Taylor Chapel United Methodist Church
Tuesday, June 18, 2013
10145 Maysville Road - Ft. Wayne, IN 46835
A Brief History of our Heritage
From a small seed, a bloom shall grow.
And indeed that is what happened years ago when a small community of Methodist Episcopalians chose to build a church so that they no longer would need to worship in the confines of their homes, school or even under the trees. That “seed” was Bowers Chapel, was nurtured and it grew into our beautiful present day Taylor Chapel United Methodist Church.
Around 1865, David and Susannah Bowers gave land, on the corner of Wheelock and Stellhorn roads, for a cemetery in which a small frame building was erected known as Bowers Chapel. That building has been gone for many years, but an artist’s concept (a sketch by Rich Hersha) of it hangs in our church narthex. If you visit Bowers Cemetery, you’ll note the names of many who were connected in some familial way to the early members of Bowers Chapel. A small wooded plaque marks it’s location just at the crest of the drive that winds among the headstones.
Farsightedness, faith, prayer and a growing congregation determined the need for a larger church. The “Ladies’ Society of Willing Workers” was formed in 1892 for the purpose of raising money to buy furniture for the church. The ladies also purchased the bronze church bell for $24.00 (as we understand, that bell will become part of a memorial wall to be build on site in the near future). That industrious organization changed its structure and name several times through the years becoming our United Methodist Women who celebrated 100 years of service in 1992.
In 1893, the congregation moved three-quarters of a mile northeast into the new church, Taylor Chapel named for the donors of the land, Arthur and Mary Taylor. The church, measuring 46’ by 28’, was heated by pot-bellied stoves and lighted by coal oil lamps. A basement, coal furnace and Delco lighting system were added in 1920 through remodeling efforts of the men of the church. They organized into the Methodist Men’s group in 1953 becoming a strong and valued group. Through the years, men and women alike added other amenities that modernized the church. More parking became available with the addition of about a quarter of an acre deeded by Bert and Perepa McNett. The parsonage became reality in 1956 when Albert and Bertha Chausse (later to become Mrs. Henry Lantz) provided .96 of an acre for its location.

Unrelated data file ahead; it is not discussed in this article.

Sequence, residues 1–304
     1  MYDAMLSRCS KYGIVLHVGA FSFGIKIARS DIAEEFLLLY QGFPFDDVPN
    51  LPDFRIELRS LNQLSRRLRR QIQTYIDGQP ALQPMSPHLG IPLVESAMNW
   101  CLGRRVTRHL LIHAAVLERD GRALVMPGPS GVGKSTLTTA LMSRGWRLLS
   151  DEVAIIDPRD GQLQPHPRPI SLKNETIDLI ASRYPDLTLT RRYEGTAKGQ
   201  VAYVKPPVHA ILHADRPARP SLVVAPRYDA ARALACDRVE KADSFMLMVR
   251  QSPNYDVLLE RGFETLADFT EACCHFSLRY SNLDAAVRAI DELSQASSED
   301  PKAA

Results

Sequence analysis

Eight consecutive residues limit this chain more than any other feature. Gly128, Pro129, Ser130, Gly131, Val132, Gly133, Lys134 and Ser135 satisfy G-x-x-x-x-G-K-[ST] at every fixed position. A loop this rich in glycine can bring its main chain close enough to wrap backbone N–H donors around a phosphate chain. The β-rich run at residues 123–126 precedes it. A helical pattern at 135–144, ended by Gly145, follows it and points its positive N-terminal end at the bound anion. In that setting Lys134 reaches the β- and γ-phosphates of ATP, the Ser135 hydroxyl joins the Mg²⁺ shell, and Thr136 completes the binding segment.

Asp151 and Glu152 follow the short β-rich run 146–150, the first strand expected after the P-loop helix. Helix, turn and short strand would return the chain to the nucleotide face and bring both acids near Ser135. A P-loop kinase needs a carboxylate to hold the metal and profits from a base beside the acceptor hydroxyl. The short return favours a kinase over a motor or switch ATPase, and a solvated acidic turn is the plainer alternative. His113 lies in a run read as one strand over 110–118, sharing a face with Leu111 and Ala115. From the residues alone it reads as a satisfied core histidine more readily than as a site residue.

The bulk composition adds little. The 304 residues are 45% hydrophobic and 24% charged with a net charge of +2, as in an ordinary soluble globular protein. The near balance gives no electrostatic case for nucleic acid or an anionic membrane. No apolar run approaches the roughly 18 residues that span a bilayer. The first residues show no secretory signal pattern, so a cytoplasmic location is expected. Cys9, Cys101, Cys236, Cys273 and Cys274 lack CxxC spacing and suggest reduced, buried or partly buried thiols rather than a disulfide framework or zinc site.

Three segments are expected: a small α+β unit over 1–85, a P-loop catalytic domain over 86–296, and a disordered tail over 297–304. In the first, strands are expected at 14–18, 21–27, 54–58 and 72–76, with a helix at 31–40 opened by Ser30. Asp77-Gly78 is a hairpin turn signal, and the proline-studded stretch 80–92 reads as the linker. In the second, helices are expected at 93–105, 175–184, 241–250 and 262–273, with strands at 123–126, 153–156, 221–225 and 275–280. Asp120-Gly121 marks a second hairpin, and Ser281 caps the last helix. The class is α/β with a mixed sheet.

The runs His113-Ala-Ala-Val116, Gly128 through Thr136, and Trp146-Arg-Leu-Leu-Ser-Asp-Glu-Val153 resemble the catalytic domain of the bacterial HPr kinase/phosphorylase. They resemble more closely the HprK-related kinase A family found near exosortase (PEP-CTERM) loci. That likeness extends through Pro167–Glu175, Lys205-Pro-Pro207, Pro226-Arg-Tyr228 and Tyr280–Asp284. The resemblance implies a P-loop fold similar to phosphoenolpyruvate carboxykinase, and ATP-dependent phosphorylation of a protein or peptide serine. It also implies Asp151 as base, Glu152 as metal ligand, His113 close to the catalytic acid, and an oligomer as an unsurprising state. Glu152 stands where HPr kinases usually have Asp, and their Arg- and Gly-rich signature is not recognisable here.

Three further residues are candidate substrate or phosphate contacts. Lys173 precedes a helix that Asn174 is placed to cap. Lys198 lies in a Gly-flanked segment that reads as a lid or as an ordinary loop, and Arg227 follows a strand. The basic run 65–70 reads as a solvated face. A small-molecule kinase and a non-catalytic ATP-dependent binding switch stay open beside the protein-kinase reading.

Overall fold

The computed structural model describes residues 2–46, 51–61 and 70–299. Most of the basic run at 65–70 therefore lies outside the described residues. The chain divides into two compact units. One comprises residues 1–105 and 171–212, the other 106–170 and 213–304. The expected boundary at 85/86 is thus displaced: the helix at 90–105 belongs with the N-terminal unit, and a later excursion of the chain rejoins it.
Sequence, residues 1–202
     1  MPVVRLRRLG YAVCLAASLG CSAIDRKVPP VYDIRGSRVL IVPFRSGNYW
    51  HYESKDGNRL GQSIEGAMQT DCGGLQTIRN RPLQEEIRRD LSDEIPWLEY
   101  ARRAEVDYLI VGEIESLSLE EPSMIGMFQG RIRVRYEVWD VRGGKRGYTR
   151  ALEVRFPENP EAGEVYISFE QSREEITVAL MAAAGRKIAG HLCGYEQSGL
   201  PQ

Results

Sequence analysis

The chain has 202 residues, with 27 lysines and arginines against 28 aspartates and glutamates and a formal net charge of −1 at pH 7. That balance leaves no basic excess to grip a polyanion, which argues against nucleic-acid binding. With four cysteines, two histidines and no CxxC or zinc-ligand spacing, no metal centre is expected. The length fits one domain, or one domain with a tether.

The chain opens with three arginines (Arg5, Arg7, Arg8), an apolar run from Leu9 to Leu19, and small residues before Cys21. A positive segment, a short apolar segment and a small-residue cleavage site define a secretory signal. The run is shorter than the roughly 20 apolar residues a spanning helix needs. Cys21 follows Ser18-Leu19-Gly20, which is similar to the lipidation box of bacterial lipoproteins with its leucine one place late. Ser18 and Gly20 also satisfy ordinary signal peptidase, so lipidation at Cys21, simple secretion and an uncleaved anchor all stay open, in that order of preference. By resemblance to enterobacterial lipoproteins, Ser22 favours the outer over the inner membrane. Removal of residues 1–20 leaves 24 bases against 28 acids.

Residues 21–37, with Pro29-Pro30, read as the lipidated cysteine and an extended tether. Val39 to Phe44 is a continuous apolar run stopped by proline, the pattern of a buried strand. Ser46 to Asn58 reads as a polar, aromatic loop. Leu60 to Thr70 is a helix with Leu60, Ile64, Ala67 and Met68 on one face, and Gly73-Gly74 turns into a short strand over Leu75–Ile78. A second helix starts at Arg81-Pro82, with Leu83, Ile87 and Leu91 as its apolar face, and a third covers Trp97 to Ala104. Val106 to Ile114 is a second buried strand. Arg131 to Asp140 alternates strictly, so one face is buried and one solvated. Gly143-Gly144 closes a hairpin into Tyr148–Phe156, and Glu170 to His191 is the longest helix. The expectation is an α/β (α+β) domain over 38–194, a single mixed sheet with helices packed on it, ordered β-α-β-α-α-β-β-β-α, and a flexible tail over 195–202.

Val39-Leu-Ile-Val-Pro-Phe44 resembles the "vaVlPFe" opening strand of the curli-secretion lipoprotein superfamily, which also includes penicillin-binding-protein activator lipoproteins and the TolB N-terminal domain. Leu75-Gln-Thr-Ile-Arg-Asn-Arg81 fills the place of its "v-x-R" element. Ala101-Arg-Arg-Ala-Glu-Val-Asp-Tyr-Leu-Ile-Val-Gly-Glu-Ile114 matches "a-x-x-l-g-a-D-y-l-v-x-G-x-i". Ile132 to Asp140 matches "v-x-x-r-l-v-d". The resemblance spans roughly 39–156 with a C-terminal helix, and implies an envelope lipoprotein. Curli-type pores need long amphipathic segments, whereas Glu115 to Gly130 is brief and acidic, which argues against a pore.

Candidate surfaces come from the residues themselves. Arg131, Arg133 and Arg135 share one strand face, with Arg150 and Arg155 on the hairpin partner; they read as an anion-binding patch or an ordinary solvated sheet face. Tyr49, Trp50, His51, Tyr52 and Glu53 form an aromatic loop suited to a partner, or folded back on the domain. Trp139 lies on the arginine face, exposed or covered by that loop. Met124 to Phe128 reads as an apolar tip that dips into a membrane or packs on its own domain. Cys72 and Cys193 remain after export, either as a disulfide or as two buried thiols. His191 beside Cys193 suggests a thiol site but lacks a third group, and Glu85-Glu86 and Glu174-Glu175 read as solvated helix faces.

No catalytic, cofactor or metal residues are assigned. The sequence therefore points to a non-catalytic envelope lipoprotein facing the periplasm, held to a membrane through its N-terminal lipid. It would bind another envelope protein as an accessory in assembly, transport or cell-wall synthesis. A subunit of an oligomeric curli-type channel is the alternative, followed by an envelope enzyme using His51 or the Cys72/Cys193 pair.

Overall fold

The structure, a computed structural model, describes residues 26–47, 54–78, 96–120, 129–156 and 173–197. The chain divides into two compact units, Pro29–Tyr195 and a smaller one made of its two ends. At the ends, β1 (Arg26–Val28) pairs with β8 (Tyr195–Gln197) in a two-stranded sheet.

But the “seed” continued to bloom, growing into our present day church, Taylor Chapel United Methodist Church (by this time, the E.U.B. and the M.E. denominations had combined into the United Methodist Church in 1968). Additional land was obtained through the Chausees for erection of a new Taylor Chapel, and the church held it’s first service on March 15, 1964. What an exciting day that must have been! During the years ahead, the choir grew in numbers; a digital organ was purchased; a weekly preschool took place, and a Boy Scout troop became a part of our ministry.
As more and more of the community became a vital part of Taylor Chapel, more room was needed for Sunday School classes, offices and weekly activities. The educational wing, fellowship hall, kitchen and “new” basement were added in 1980. Reconfiguration of the narthex expanded its area, allowing for additional double glass doors and a hall. Prior to 1980, the fellowship hall and kitchen were wedged into space that is now the library, choir room and office work room. The only offices were those currently located off the small hallway that parallels the sanctuary. The preschool had maintained classes in the “old” basement, and the Sunday School classes met wherever there was an open corner, eventually using a couple of trailers in the parking lot. The new wing was adequate at the time, but we’re again feeling the crunch of needed space.
Taylor Chapel’s structure has not expanded recently, but certainly has changed. Improvements include air-conditioning in most areas; the United Methodist flame and cross outside; outdoor lighting; the Trinity sculpture above the altar; a grand piano; expanded music department; hand bells; play ground equipment; a shed; a beautiful stained lead glass window; additional choir chairs; expanded chancel area, and a state-of-the –art sound system and screen for digital photos. In 1995-96, a renovation program beautified our church by updating many areas with paint; carpeting; upholstered pews; wallpaper, and improved lighting. Church members refreshed the interior from “top to bottom”.
Then in 1998, much of the above remodeling became victim of a tornado that peeled off the sanctuary roof allowing torrents of rain to pour inside. Fast action saved hymnals, Bibles, and musical instruments, but the pews, walls, lighting and carpeting were damaged. In months to come, church friends rallied and gave hours and hours of just plain “grub work” to once more renovate the sanctuary and narthex. Members at that time will well recall the many Sunday and evening services that had to be held in the fellowship hall. We gained added strength and pride in ourselves during those days
Through the physical changes and relocations, Taylor Chapel has always been blessed by the spiritual strength and friendship of its members. The ministry of our many pastors (numbering well over 50 from Bowers Chapel to today) has guided and uplifted us with love and prayers. Together, we will continue to reach out to spread the good news of our Lord, Jesus Christ, be it inside a building or under the trees.